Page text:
eco TV Week

Monetary tightening in emerging countries


Monetary stance is tightening in Emerging Europe and Latam. The reason: inflation resurgence. This may seem premature at this stage since activity in these countries has just come back to its pre- Covid shock.  Is it justified and what are the consequences ?

François FAURE

TRANSCRIPT // Monetary tightening in emerging countries : November 2021

In emerging countries, monetary policies are tightening due to an acceleration of inflation. Is this monetary tightening justified? What are the consequences?

This phenomenon was rare in the second semester of 2020 but higher key interest rates are a trend since the beginning of the year.

For the moment, we can observe a tightening in Europe and in Latin America but not in Asia. This monetary tightening is due to a global acceleration of inflation triggered by a hike in raw material prices, by rising costs of building materials and of industrial products, electronic products in particular.

This monetary tightening is justified because we also observe an acceleration of core inflation, that is to say excluding food and energy prices.

Asian central banks did not react because in these countries, core inflation remained rather low, below 2%.

The tightening is also justified by the fact that some currencies have depreciated significantly since last year, see the Brazilian real and the Turkish pound.

What could be the negative impact of such measures? Two main points, here.

First, it could impede the recovery when the 2020 budgetary support stops.

According to the IIF estimates, in the ten big emerging countries, the impact of the expected drop in primary budget expenditures, excluding interest charges, will have a cumulative negative impact on growth ranging between 0.5% and 1.5% by 2023.

For now, the increase in key interest rates has been less than the acceleration of inflation.

We cannot say that monetary policies are restrictive.

Monetary tightening can make borrowing costs increase for states, households or companies and therefore weigh on their debts.

In the two areas, Europe and Latin America, the median increase in the public debt ratio was of 11 points of GDP in Europe and 8 points in Latin America. The debt ratio for households and companies showed weak and even negative developments. But the increase in public debt ratio combines with higher interest rates on local currency sovereign debts. It reaches higher levels than in late 2019 in Latin America and Turkey in particular.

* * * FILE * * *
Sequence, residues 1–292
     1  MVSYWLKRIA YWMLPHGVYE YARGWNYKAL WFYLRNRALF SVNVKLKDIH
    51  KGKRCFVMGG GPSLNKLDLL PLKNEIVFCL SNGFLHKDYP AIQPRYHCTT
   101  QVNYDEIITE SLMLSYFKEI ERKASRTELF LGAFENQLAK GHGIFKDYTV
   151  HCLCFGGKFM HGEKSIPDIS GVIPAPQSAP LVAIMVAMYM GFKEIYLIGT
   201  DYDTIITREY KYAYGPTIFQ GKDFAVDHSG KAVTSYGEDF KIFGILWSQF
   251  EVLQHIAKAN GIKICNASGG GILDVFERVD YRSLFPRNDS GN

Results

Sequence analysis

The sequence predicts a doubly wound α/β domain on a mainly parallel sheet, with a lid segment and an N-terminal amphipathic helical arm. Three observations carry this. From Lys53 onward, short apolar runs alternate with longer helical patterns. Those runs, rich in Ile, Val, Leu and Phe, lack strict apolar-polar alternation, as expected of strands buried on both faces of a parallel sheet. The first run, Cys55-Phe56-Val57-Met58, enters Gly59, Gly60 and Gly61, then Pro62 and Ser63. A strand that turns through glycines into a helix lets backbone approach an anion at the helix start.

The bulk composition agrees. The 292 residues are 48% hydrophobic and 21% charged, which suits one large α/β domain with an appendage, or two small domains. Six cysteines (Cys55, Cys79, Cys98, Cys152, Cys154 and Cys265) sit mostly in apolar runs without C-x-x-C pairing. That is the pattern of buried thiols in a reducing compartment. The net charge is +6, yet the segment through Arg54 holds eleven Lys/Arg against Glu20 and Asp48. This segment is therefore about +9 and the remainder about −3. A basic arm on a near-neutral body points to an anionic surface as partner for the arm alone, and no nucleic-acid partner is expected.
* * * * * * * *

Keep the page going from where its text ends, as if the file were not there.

To conclude, monetary tightening may seem premature given that economies have only just returned to their pre-pandemic levels. But the aim of central banks is to not reawaken inflation expectations because in emerging countries, the risk would be an increase in real interest rates, and not a decrease.

View more videos Eco TV Week

On the Same Theme

General overview 5/19/2022
Whereas the post-pandemic recovery remains fragile, emerging countries are now facing the consequences of the conflict in Ukraine on foreign trade, capital flows and inflation.
Emerging Countries Team 1/26/2022
The Emerging countries team presents its focus for 2022. All year long you will be able to read, listen and watch the publications of its economists on countries such as China, Brazil, Egypt, India or Russia.
Emerging Countries: a still fragile recovery 7/9/2021
The recovery trend is confirmed in EM remains fragile. Household confidence indicators are lagging behind those of business sentiment. Reasons are new waves of contamination, acceleration in inflation and impoverishment caused by the pandemic.
Emerging countries: speed races 4/16/2021
In their spring outlook, the IMF economists expect to see a multi-speed and incomplete recovery of the global economy in 2021. Indeed, speed is the key word for 2021 because the emerging countries are racing against time on several fronts.
Moratorium or debt cancellation? 4/24/2020
According to Eurodad, without a suspension of external debt payments, the debt-to-GDP ratio of the very low income countries will increase to 14 pp. So far, official supports have taken the form of a suspension of payments. Why not favor debt cancellation?  
Kazakhstan : Tenge free-float turns to a strong depreciation 9/16/2015
Kazakh Tenge lost one third of its value in one month. The net creditor position of the government (about 35% of GDP) does not compensate for the negative effects of the fall in the oil prices and the devaluation of the Chinese Yuan that took place only days before the decision of Kazakh authorities to free float their currency. This decision improves the financial leeway of the government, but its stimulus capacity may be dampened by the rates’ tightening, inevitable to stabilize the exchange market. The devaluation undermines the banking sector which remains highly dollarized. To avoid a deposit run, the National Bank committed to compensate the loss due to the devaluation to the households who will keep their deposits until September 2016.
Exchange rates of Emerging countries 8/26/2015
Owing to the fall in the commodity prices, exchange rates of commodity-exporting emerging countries are caught in downward spiral. Exchange rates of commodity-importing emerging are much less impacted. But, regarding the impact on growth, it will remain a negative-sum game.

ABOUT US Three teams of economists (OECD countries research, emerging economies and country risk, banking economics) make up BNP Paribas Economic Research Department.
This website presents their analyses.
The website contains 1811 articles and 362 videos